“You see, Annatjie, Love and Loss are two inseparable Siamese twins. If you dare to love, you must be brave enough to face to consequences.” She gets a wary look from the shrivelled woman in the chair. “Oh, Hollywood paints such a different picture, of course. They leave the story where the boy and the girl wander off on a pristine beach while the sun sets in a spectacular array of colours. That’s nice, but it isn’t Life. Hollywood wants to tell us that Love represents two individuals thinking with one mind – and that’s impossible. Tomorrow the boy will still think boy thoughts, and the girl won’t give up on her girly mindset. either. And over and above that: couples separate, people die, things change. That sunset-scene only lasts for so long, then reality kicks in.”

Annatjie looks up, still clutching the box with letters. “I saved his letters. They’re all here.”

“And that’s a good thing, Annatjie. Remembering beauty is the colour we add to the dreary canvas we live on. Sometimes it’s the only colour. But imagine a painting done in only one colour? You’d end up with no art at all, won’t you? Simply a red or a yellow background makes no picture. It’s the contrast between the different colours that creates the image. And that’s Life. A bit of blue, a bit of green, a bit of black – they’re all necessary to make you see the whole picture.”

By now, Gertruida is doubtful that they are getting through to the lonely woman with her only precious thing – the box of letters.

“They died, you know? John Denver, Jim Reeves…”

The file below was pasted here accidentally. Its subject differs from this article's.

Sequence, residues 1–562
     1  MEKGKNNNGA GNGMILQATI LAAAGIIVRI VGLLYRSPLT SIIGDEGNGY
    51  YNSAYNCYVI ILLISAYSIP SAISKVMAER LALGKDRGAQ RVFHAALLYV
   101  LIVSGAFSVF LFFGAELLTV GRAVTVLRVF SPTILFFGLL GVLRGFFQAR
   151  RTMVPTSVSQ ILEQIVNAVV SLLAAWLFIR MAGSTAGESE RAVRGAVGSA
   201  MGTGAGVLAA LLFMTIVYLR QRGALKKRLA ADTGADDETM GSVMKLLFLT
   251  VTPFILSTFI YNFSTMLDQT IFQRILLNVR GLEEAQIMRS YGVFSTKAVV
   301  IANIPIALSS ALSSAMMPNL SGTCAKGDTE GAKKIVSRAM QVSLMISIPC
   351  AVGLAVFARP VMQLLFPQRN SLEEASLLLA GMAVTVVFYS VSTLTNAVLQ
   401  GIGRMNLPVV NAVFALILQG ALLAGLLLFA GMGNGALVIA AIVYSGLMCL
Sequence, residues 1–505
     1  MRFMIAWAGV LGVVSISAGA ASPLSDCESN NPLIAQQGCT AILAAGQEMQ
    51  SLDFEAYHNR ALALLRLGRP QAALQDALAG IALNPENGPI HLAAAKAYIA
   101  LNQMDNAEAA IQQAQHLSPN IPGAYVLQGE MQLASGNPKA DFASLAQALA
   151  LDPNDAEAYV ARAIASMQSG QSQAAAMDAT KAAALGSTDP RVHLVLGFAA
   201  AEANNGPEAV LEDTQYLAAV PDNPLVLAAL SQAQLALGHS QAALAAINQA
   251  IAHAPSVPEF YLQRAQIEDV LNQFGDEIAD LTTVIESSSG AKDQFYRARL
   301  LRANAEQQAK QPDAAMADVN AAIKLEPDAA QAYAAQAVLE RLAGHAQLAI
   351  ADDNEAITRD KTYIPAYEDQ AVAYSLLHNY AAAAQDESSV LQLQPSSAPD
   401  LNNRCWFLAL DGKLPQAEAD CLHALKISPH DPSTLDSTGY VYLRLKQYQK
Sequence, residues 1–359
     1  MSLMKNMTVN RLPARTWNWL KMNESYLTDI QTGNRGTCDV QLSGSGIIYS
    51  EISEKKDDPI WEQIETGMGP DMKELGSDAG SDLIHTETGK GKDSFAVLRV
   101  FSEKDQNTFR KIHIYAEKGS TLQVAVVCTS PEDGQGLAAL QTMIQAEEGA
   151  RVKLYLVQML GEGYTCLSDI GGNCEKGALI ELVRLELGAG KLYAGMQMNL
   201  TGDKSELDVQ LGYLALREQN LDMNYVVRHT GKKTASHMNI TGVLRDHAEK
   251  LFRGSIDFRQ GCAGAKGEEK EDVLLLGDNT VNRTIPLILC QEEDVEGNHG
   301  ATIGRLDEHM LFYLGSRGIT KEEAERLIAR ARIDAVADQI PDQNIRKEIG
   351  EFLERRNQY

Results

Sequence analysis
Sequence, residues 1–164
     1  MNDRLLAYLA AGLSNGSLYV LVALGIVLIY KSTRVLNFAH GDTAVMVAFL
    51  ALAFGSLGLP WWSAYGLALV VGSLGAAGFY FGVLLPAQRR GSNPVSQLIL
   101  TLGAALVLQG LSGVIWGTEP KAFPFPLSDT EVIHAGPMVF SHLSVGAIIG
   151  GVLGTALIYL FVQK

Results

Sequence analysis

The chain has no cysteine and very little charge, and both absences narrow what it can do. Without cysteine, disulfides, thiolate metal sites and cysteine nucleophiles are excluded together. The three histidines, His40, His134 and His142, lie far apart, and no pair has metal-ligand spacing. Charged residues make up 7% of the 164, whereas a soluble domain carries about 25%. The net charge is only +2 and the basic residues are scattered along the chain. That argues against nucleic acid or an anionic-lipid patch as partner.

“Oh shush! Of course they did. They’re dead!” Servaas can’t stand this any longer. Pussyfooting around this woman’s grief is all good and well, but surely she can’t isolate herself like this forever? And…Gertruida is using metaphors even he finds difficult to follow – somebody has to be practical here. Say it like it is – that’s always been his motto. “Dead. Ceased to be. Gone. We may remember them, but we can’t escape the fact that everybody dies at some time. Death is as much part of living as breathing is. Can’t you understand that? And love? It doesn’t have to die. It can be eternal. The question you have to answer, young lady, is whether you think Hennie is proud of you?  Would he applaud you becoming a decrepit old woman, or would he cheer you on to live a full and happy life? If he loved you so dearly, would he want you to hide behind your grief – all your life? Or…would it make him happy to see you happy?”

Servaas ignores the stern look he gets from Gertruida. He’s had enough. Damn it! Annatjie has to snap out of it!

“Love?” Annatjie’s eyes are suddenly clear. “His love?”

“Yes, my dear. It’s about his love as well, not only yours. It’s about how you honour his memory. It’s about celebrating the time you had together, not the time apart.”

“Then….then I’v wasted all this time?”

“Yes. And no. We all grieve in different ways. I grieved for Siena – and I still do. But every time I walk into Boggel’s Place, I can see her smile. She’d want me to be happy.  When I’m down, I know she’s there, encouraging me. When life treats me harshly, Siena makes me realise that even sadness and anger are trivial when compared to what we had. And that, Annatjie, is what you have to realise. True Love outlasts Life, every time. And Love isn’t a sad thing. It rejoices in Life. You should, too…”


“Yes, Annatjie. It’s time to open the gates. And we’re here to help you.”

Gertruida shakes her head. Servaas can be such a pain in the neck! And then, sometimes, his bull-headed full frontal approach – flying straight in the face of soft-spoken psychology – is rewarded with seemingly impossible success. She whispers a soft  ‘Well done!’  as she hears Precilla scurrying about in the kitchen to brew up some tea. It’s going to be a long afternoon…

(1) Read it in Rolbos, the book.